Brief Article
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World J Gastroenterol. May 14, 2012; 18(18): 2219-2224
Published online May 14, 2012. doi: 10.3748/wjg.v18.i18.2219
Endoclips vs large or small-volume epinephrine in peptic ulcer recurrent bleeding
Neven Ljubicic, Ivan Budimir, Alen Biscanin, Marko Nikolic, Vladimir Supanc, Davor Hrabar, Tajana Pavic
Neven Ljubicic, Ivan Budimir, Alen Biscanin, Marko Nikolic, Vladimir Supanc, Davor Hrabar, Tajana Pavic, Department of Internal Medicine, ‘Sestre milosrdnice’ University Hospital Center, 10000 Zagreb, Croatia
Author contributions: All authors made substantial contributions to all of the following: the conception and design of the study, acquisition of data, analysis and interpretation of data; Ljubicic N made substantial contributions to conception and design, drafting the article and revising it critically for important intellectual content; Budimir I participated in data collection, analysis and interpretation; Biscanin A, Nikolic M, Supanc V, Hrabar D and Pavic T contributed to collection of patients and performed endoscopic procedures.
Correspondence to: Neven Ljubicic, Professor, MD, PhD, FACG, Department of Internal Medicine, “Sestre milosrdnice” University Hospital Center, Vinogradska 29, 10000 Zagreb, Croatia.
Telephone: +385-1-3768286 Fax: +385-1-3768286
Received: August 22, 2011
Revised: December 22, 2011
Accepted: March 9, 2012
Published online: May 14, 2012

AIM: To compare the recurrent bleeding after endoscopic injection of different epinephrine volumes with hemoclips in patients with bleeding peptic ulcer.

METHODS: Between January 2005 and December 2009, 150 patients with gastric or duodenal bleeding ulcer with major stigmata of hemorrhage and nonbleeding visible vessel in an ulcer bed (Forrest IIa) were included in the study. Patients were randomized to receive a small-volume epinephrine group (15 to 25 mL injection group; Group 1, n = 50), a large-volume epinephrine group (30 to 40 mL injection group; Group 2, n = 50) and a hemoclip group (Group 3, n = 50). The rate of recurrent bleeding, as the primary outcome, was compared between the groups of patients included in the study. Secondary outcomes compared between the groups were primary hemostasis rate, permanent hemostasis, need for emergency surgery, 30 d mortality, bleeding-related deaths, length of hospital stay and transfusion requirements.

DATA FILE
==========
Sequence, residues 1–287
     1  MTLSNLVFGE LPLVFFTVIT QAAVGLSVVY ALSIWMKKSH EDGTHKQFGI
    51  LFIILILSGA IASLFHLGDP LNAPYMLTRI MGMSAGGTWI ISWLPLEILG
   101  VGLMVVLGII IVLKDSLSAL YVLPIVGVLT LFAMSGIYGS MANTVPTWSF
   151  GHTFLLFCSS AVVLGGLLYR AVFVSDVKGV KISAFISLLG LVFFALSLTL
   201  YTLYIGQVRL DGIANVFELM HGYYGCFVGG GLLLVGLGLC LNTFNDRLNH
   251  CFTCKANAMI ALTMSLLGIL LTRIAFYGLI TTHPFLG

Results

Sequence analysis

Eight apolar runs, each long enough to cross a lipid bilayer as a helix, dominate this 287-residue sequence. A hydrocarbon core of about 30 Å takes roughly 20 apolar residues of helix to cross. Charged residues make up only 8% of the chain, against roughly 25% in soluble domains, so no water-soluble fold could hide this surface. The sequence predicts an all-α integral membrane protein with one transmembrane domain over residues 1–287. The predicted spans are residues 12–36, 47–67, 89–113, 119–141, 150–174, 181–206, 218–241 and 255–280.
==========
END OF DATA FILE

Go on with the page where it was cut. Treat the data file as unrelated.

RESULTS: Initial hemostasis was obtained in all patients. The rate of early recurrent bleeding was 30% (15/50) in the small-volume epinephrine group (Group 1) and 16% (8/50) in the large-volume epinephrine group (Group 2) (P = 0.09). The rate of recurrent bleeding was 4% (2/50) in the hemoclip group (Group 3); the difference was statistically significant with regard to patients treated with either small-volume or large-volume epinephrine solution (P = 0.0005 and P = 0.045, respectively). Duration of hospital stay was significantly shorter among patients treated with hemoclips than among patients treated with epinephrine whereas there were no differences in transfusion requirement or even 30 d mortality between the groups.

CONCLUSION: Endoclip is superior to both small and large volume injection of epinephrine in the prevention of recurrent bleeding in patients with peptic ulcer.

Keywords: Peptic ulcer, Hemorrhage, Hemoclip, Epinephrine, Nonvariceal upper gastrointestinal bleeding